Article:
—March 23, 2013—
Bijan Kimiagar and Scott Fisher, CERG Research Associates, traveled to Cairo, Egypt to collaborate with children and youth’s self-managed groups organizing in and around Cairo. The trip was made possible by the generous support and effort of Plan Egypt who funded and coordinated collaborative sessions with their front-line staff, field visits to children and youth groups in multiple governorates around Cairo, and a two-day workshop on the Article 15 Project and Resource Kit with youth representatives, Plan Egypt Staff, and community partners.
—March 5, 2013—
CERG is hosting a talk by Samantha Puncht, “Reflections on Researching with Children across Majority and Minority World Contexts,” on Tuesday, March 5, 2013 at 4:00 (Room 6304.1). To help with our planning, please RSVP for the talk here.
—February 20, 2013—
CERG Co-Director Pamela Wridt is an invited speaker at the annual “Growing in Place” professional development symposium for urban planners and designers at Marbles Kids Museum on February 20, 2013. The event is sponsored by the Natural Learning Initiative at North Carolina State University.
—February 14, 2013—
CERG Co-Director Pamela Wridt is an invited speaker at the yearly meeting of the U.N. Commission on Social Development on February 14, 2013 , which has chosen its theme this year as “Promoting empowerment of people achieving poverty eradication, social integration and full employment and decent work for all.” The event is sponsored by the Committee on Children’s Rights and the International Union of Anthropological and Ethnological Sciences.
—November 8, 2012—
CERG Co-Director Roger Hart gave the keynote at the Child Participation and the Construction of Citizenship conference. The event aimed to disseminate results of recent research and foster dialogue on children’s participation and education in a forum for both researchers and practitioners. CERG Research Associates, Bijan Kimiagar and Jennifer Tang, were also invited to give presentations on their research to students and faculty in the Department of Educational Theory and History at the University of Barcelona, the organizers of the conference.
Selim Iltus, Research and Evaluation Officer of the Bernard van Leer Foundation published the article, “Recognising the importance of the living conditions children grow up in”. The articles in this edition of Early Childhood Matters (Living Conditions: The Influence on Young Children’s Health) consider why most people have yet to realise the strong link between the living conditions that children grow up in and their health and development. The article references the potential of the Child Friendly Cities and Communities Assessment Toolkit as a promising practice for enabling children to identify their priorities for community improvement and empowering them to take actions that fulfill their rights with adult stakeholders.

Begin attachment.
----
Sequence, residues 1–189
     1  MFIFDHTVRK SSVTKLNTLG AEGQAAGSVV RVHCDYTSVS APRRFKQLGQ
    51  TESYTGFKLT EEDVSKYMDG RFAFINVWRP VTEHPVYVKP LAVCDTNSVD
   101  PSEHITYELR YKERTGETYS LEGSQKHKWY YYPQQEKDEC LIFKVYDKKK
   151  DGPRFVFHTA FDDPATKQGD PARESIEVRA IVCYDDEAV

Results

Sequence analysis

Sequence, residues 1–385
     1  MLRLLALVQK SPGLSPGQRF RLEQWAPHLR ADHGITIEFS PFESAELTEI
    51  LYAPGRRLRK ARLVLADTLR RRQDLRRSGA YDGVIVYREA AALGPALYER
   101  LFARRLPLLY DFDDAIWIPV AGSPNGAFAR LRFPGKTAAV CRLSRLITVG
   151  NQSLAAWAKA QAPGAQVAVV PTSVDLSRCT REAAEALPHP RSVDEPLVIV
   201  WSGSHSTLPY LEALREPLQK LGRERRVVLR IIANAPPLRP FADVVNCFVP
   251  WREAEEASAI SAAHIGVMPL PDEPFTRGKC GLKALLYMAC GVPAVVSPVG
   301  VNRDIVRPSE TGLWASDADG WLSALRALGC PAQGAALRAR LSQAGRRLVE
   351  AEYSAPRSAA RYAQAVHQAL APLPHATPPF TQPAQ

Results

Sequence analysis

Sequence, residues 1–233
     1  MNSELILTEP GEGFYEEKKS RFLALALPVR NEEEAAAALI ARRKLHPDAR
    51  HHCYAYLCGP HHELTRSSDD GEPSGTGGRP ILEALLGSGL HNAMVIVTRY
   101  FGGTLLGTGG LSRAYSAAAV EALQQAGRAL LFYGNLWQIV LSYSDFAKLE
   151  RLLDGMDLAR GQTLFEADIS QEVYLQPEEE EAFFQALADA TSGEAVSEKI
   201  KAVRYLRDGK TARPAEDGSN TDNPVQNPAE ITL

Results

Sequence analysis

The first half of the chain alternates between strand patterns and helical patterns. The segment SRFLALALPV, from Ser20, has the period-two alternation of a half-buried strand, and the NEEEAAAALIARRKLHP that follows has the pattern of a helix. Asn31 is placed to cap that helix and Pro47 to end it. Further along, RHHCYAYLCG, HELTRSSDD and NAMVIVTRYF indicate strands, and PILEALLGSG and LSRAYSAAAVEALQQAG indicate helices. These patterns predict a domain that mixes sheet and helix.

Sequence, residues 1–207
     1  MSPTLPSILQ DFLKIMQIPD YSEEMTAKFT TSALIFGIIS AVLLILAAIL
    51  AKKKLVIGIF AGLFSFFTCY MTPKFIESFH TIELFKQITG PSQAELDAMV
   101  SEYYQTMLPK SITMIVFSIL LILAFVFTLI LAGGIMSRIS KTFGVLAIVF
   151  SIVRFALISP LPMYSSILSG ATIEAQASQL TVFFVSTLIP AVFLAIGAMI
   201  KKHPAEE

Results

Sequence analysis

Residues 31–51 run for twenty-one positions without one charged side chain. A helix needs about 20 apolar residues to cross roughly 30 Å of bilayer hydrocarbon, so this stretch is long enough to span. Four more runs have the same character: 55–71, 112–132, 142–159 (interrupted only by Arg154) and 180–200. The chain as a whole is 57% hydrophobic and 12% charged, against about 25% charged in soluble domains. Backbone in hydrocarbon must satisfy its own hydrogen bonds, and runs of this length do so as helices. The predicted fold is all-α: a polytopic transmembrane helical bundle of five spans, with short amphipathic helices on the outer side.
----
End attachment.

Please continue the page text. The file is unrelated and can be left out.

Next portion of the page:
—June 13, 2012—
Pamela Wridt, Co-Director of CERG talks with Equity for Children about her views on children and public policy, specifically in the city policy planning and evaluation process (see the brief interview by clicking here). This interview was conducted after the symposium ‘Children in an Urban World‘ that took place on March 7, 2012 at The New School.
—March 30, 2012—
Pamela Wridt, Co-Director of CERG, and Carlos Vasquez, UNICEF Education Specialist, speak with UNICEF’s podcast moderator, Femi Oke, about education, urbanization and child friendly cities. Their talk examines the importance of listening to children’s voices in the planning and design of communities, schools and cities. Hear the featured podcast through UNICEF’s website by clicking here.
CERG researchers Roger Hart, Sheridan Bartlett and Pamela Wridt contributed to UNICEF’s flagship report – The State of the World’s Children Report 2012, entitled Children in an Urban World.
—July 22, 2011—
During the Child Friendly Communities East Harlem project, youth produced a film about children’s rights to raise awareness among young people in America about their rights. They interviewed children, youth and adults on the streets of East Harlem, and conducted focus groups with 70 children aged 8-18, and 25 adults to assess the current conditions of children in this New York City neighborhood. This film, produced by and for youth, won first place in the New York Civil Liberties Union Freedom of Expression Contest. The winning film can be accessed on their blog, Future Building a Future in East Harlem.